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The Other Beckham: OBJ's Cousin Chasing Improbable Odds of an NFL Career

Brent Sobleski@@brentsobleskiNFL AnalystApril 8, 2016

Photo used with permission from Kevin Dunn and KB Multimedia

Terron Beckham wants to make a name for himself. 

As the cousin of superstar New York Giants wide receiver Odell Beckham Jr., Terron Beckham lives in the shadow of greatness, but he hopes to blaze a trail all his own. His path isn't tied to his cousin's after already overcoming multiple obstacles on his way to a potential NFL career.  

Terron Beckham hasn't played football for five years, yet NFL scouts from the Indianapolis Colts, New York Giants, New York Jets, Oakland Raiders and San Francisco 49ers attended Thursday's pro day at TEST Football Academy in Martinsville, New Jersey, to see this athletic freak, per a league source.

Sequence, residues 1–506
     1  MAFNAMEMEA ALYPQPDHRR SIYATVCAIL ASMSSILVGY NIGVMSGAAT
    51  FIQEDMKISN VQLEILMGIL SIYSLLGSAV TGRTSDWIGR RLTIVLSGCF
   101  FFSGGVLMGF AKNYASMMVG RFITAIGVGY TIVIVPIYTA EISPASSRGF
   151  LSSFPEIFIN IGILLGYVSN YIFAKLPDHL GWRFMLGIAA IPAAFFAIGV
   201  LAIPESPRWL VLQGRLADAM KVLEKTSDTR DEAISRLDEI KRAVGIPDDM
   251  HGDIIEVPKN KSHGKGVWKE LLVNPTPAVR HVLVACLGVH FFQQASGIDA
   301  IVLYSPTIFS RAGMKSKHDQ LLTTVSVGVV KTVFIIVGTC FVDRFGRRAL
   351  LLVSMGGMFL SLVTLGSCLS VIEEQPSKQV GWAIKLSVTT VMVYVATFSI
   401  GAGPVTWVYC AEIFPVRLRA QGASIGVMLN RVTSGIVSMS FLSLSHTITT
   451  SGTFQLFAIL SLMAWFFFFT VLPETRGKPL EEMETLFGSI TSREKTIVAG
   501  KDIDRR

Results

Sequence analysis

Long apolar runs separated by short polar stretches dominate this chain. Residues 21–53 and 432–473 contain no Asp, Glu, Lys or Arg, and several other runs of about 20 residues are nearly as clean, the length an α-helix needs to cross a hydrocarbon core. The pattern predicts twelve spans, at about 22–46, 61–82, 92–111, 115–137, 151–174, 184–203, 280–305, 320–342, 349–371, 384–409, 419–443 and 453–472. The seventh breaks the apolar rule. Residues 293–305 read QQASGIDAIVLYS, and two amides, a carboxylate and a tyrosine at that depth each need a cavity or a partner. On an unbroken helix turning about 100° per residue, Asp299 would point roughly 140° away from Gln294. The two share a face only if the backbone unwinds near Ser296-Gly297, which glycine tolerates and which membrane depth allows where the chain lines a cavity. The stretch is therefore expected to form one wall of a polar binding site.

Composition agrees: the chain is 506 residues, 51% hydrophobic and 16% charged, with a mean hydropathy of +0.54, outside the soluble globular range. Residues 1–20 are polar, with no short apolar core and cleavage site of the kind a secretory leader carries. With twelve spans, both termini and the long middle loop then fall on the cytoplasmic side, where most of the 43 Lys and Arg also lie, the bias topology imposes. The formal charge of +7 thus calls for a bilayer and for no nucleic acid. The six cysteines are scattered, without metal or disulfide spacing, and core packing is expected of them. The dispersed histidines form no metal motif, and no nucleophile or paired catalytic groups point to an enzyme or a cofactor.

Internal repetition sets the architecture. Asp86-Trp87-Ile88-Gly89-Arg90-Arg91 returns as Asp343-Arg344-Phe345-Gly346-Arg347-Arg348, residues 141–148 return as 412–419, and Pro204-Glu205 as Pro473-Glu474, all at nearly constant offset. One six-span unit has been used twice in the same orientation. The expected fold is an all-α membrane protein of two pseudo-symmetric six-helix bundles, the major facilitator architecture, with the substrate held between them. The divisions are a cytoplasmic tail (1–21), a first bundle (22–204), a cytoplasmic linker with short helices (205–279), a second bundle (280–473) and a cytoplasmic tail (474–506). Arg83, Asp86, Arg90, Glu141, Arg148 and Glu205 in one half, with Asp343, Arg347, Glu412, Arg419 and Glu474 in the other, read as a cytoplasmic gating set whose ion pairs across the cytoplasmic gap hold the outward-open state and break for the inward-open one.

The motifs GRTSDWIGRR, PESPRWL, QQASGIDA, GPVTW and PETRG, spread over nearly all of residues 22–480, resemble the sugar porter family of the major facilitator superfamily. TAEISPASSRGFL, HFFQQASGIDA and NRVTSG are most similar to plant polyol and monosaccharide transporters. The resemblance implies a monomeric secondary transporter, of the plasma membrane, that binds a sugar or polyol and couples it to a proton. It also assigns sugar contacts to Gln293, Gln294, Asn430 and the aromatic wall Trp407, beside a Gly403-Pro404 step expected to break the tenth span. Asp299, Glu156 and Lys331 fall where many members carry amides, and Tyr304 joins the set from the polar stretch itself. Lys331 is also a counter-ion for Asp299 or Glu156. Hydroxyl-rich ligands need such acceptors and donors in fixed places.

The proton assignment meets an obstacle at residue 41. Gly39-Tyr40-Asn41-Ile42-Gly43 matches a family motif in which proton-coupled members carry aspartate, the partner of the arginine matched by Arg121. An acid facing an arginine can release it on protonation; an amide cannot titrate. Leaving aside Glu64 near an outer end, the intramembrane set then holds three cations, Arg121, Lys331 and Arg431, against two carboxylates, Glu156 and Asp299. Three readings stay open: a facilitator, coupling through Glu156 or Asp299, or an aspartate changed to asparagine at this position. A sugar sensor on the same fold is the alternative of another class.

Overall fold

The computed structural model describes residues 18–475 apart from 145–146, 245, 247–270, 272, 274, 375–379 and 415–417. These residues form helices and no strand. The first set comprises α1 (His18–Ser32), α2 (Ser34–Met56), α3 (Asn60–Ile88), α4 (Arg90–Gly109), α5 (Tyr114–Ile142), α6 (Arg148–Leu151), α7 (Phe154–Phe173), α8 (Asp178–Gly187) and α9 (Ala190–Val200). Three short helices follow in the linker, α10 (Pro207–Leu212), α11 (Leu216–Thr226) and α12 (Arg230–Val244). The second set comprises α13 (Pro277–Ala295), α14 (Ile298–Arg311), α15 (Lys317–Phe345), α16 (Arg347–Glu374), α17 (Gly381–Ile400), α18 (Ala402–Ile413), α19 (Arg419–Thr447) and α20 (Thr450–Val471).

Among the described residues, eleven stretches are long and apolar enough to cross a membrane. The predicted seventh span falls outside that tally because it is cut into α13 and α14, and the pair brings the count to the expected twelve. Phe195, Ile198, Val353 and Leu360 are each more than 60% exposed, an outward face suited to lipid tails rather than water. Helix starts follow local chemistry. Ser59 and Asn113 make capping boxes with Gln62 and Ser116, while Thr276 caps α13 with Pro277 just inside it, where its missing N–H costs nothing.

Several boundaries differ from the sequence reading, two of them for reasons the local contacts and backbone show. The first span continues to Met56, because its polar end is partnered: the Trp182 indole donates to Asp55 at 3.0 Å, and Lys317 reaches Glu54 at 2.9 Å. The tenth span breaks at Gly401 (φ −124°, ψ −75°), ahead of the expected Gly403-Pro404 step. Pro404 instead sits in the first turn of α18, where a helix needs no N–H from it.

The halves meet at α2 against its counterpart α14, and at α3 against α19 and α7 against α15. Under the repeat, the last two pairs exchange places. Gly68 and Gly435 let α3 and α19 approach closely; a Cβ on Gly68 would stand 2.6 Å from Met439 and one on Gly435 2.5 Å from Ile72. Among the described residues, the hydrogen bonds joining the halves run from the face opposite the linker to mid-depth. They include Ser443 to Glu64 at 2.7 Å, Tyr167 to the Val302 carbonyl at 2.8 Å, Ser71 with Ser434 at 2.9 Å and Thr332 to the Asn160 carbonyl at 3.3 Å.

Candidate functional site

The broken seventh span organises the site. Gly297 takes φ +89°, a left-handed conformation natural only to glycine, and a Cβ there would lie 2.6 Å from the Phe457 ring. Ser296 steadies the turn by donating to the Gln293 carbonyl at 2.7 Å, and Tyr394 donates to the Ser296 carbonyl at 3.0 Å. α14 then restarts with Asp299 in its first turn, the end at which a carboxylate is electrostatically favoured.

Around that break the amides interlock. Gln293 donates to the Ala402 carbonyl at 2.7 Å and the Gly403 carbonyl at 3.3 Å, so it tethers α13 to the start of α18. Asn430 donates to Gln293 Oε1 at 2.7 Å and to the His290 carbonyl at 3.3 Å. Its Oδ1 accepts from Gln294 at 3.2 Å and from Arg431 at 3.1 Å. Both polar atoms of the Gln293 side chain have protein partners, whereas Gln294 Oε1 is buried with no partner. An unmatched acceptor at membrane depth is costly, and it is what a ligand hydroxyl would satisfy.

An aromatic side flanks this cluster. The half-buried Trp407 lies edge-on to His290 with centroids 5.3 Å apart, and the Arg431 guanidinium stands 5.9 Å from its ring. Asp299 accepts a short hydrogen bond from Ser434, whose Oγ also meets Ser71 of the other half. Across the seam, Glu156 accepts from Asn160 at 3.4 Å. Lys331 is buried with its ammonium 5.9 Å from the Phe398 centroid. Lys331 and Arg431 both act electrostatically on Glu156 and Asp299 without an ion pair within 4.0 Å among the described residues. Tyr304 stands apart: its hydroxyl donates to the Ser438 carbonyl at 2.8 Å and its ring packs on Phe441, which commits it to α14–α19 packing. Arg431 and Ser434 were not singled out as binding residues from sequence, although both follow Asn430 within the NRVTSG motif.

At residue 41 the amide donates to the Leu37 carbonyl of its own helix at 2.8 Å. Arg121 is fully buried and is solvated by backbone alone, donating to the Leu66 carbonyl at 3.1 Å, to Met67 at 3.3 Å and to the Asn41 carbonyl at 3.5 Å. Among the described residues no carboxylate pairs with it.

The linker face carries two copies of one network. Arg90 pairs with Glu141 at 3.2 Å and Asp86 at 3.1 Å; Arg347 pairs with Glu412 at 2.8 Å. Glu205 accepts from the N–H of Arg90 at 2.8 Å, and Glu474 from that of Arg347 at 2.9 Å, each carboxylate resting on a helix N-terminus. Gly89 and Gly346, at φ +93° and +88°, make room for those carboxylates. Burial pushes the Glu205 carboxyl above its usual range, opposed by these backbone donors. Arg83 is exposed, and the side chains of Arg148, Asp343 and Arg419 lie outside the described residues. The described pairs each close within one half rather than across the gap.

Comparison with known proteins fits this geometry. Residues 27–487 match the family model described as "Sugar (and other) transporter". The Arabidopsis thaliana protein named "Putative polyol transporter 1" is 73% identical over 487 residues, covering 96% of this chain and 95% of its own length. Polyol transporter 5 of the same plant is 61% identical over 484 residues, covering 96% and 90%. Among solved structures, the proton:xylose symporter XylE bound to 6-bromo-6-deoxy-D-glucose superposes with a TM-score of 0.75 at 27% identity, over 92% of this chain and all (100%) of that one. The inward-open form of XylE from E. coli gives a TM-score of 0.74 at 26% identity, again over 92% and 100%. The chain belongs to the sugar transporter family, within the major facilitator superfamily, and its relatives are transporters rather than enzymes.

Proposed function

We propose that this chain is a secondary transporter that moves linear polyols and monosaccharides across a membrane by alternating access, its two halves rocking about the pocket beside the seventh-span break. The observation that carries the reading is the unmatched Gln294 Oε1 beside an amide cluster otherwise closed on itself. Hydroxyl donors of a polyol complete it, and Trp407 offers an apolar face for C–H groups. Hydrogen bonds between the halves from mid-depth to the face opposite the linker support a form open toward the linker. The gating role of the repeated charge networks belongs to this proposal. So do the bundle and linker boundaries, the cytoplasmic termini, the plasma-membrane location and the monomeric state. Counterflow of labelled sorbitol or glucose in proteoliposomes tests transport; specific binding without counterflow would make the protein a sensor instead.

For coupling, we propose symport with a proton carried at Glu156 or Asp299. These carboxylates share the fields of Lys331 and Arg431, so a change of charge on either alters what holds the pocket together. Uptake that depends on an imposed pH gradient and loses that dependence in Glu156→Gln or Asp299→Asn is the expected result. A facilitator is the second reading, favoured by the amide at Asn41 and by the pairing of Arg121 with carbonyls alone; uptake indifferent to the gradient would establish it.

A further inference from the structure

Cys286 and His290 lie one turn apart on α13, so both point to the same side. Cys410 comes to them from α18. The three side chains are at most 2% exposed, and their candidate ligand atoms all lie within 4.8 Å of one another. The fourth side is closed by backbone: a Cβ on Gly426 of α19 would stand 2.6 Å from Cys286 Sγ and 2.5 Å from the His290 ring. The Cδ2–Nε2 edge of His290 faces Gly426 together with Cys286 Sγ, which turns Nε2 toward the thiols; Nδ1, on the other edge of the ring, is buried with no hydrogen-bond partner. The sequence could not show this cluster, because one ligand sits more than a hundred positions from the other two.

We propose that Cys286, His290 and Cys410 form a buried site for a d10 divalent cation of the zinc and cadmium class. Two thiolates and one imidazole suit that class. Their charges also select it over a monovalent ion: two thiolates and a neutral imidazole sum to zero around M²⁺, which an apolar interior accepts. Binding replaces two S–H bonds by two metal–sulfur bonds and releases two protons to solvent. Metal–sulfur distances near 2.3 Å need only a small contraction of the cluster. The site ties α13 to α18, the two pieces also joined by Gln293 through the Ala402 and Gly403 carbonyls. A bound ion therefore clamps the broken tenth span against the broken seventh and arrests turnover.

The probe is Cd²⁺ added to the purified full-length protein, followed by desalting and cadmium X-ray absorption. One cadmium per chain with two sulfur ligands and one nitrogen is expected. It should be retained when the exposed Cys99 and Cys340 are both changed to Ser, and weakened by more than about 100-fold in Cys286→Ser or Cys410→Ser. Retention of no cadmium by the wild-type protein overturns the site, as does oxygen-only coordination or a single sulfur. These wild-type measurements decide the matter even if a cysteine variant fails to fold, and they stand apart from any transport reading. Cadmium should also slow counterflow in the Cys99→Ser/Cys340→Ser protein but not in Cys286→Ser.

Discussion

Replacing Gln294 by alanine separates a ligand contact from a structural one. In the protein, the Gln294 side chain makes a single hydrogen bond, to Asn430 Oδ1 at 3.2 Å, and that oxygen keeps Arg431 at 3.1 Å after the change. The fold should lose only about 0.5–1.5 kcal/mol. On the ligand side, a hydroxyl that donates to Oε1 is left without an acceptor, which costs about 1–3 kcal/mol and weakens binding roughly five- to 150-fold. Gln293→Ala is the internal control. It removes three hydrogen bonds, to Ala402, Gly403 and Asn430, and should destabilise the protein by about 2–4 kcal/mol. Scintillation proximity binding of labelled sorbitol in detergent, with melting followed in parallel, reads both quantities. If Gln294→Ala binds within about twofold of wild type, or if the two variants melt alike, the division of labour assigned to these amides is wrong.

In fact, the Colts already worked out the running back prospect during the week of the NFL combine, according to the same source.

NFL teams are obviously intrigued by this physical specimen. 

With a physique that could make a Greek god envious, Terron Beckham displays all of the natural tools necessary to excel at the professional level.

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But his eventual success will be rooted in a path filled with adversity and a happenstance meeting with his trainer, Kevin Dunn. 

Rough Start

Terron Beckham fell through the cracks of the collegiate recruiting process. As a three-sport athlete, the running back didn't concentrate purely on football and remained ignorant to the entire approach. He also transferred from his home in Dallas, where he played for Richardson High School, to Maryland and finished his final season at Fort Meade High School. 

"It hurt my progress as far as being seen by scouts and getting better looks by colleges," he said in a phone interview with Bleacher Report. "But it allowed me to grow more as a player, especially as a running back, because I never served as a full-time running back up until that point.

"I'm happy I got a chance to see what I can do in my first full season. I played almost every down in every game and excelled. Honestly, I wouldn't change anything even though I lost connections with what could have been [in Texas], because it led me to this point."